If a person attempts to inflict harm on you or your family, you have the right protect yourself with physical force and violence. Although you have the right to defend yourself in dangerous situations, you can possibly face homicide charges if you kill your attacker while fighting back. Nothing can be more frightening than having to face a prison sentence for trying to protect the lives of you and your family. In this blog, we talk about which self-defense situations are considered justifiable homicide.
Drawing the Line
People who kill armed intruders in their homes are protected under the Castle Doctrine, which is the legal notion that your home is your castle and you have the right to use deadly force to defend it. If you have killed someone while trying to defend your own life, you should immediately consult with an experienced criminal defense attorney to discuss how to build a strong defense strategy. Homicide cases can become heated because of all the tension that is associated with murder, which is why you want a lawyer who can demonstrate that your actions were justifiable given the circumstance you were put in by your attacker.
If you are facing homicide charges for self-defense, you generally have to prove the following things in order for your actions to be considered justifiable:
- You were trying to prevent a violent crime like rape, murder, or armed robbery. The attacker's intent to commit the criminal act also needs to be clearly indicated.
- You obeyed a duty to retreat. This means that you first attempted to avoid the confrontation but you were forced to resort to violent measures because you could not escape your attacker. If you were attacked in your home or workplace, this aspect is less important to prove.
- There was no other way for you to prevent the violent crime from taking place other than to use lethal force. This aspect becomes important in court, because prosecutors usually try to argue that you could have used less force to subdue your attacker or that you could have called law enforcement.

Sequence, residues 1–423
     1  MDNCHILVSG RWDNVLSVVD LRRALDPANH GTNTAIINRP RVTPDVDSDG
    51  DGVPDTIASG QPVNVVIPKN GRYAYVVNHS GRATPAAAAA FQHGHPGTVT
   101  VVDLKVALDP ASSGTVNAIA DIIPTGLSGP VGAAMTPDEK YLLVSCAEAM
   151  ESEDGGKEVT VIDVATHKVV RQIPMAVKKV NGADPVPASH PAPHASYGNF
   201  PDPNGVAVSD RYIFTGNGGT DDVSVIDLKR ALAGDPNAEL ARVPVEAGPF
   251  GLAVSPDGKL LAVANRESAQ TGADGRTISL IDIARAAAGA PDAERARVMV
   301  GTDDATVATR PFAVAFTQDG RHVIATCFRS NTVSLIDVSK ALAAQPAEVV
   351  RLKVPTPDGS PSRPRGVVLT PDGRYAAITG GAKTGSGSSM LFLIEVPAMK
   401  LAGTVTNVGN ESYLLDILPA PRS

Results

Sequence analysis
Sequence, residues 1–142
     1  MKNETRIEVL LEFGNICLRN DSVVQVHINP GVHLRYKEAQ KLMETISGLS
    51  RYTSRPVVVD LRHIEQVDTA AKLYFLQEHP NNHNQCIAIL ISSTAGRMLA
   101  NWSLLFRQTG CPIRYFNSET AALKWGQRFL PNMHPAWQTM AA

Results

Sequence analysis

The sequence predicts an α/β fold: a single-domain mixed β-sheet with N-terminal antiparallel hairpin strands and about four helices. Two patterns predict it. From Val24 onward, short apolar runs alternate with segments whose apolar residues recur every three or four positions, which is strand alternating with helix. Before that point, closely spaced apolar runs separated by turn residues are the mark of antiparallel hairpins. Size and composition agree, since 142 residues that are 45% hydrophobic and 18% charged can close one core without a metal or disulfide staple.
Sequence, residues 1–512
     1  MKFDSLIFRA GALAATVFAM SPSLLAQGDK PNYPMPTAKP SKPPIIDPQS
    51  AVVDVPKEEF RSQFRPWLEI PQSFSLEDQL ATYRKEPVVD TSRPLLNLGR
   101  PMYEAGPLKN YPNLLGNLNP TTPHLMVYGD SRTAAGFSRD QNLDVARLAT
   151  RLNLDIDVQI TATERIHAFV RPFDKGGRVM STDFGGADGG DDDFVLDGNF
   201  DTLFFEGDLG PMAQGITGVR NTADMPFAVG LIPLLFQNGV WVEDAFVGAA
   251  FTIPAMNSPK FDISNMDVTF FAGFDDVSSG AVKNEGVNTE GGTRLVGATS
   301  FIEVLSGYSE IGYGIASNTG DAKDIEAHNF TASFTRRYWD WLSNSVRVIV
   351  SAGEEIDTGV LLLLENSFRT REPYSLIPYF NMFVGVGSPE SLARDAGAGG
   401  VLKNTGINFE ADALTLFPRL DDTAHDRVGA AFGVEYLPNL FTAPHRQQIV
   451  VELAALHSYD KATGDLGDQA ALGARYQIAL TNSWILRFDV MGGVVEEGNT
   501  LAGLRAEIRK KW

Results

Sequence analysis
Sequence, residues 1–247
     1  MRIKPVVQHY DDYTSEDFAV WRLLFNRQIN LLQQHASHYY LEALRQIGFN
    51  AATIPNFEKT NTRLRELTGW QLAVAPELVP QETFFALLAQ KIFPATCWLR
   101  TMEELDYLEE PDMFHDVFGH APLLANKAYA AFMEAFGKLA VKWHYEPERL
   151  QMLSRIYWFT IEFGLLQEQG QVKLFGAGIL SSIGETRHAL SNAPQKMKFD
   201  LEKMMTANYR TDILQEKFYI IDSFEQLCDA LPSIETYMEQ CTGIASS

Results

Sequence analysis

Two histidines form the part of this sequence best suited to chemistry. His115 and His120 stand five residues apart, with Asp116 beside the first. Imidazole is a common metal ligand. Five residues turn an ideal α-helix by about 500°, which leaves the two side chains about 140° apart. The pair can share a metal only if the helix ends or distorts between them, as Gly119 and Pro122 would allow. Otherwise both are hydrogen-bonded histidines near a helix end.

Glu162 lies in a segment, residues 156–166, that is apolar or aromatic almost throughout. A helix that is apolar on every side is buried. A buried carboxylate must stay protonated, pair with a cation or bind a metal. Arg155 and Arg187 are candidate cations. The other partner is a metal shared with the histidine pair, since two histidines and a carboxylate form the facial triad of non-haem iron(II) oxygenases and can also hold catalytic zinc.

The state of Colorado doesn’t have a “stand your ground” law, which means gun owners can’t use lethal force on the streets if they have the option to retreat from their attacker. However, the state does have a history of being lenient with those who use self-defense. In fact, Colorado was the first state to enact “make my day” legislation, which gives homeowners immunity if they shoot and kill intruders. To this day, it is still one of the strongest such laws in the United States.
In Colorado, a person can justifiably use a gun to defend themselves if they have reason to believe that they or somebody else will die or suffer serious bodily injury. An attacker doesn’t have to have a gun to be considered capable of inflicting serious or lethal harm, which means a person who is only armed with their fists can be justifiably shot in self-defense.
Have you been accused of murder after defending your life or the lives of your loved ones? We can help you assert your legal rights and fight the charges against you. Contact our team of Denver criminal defense lawyers to request your no-cost consultation today.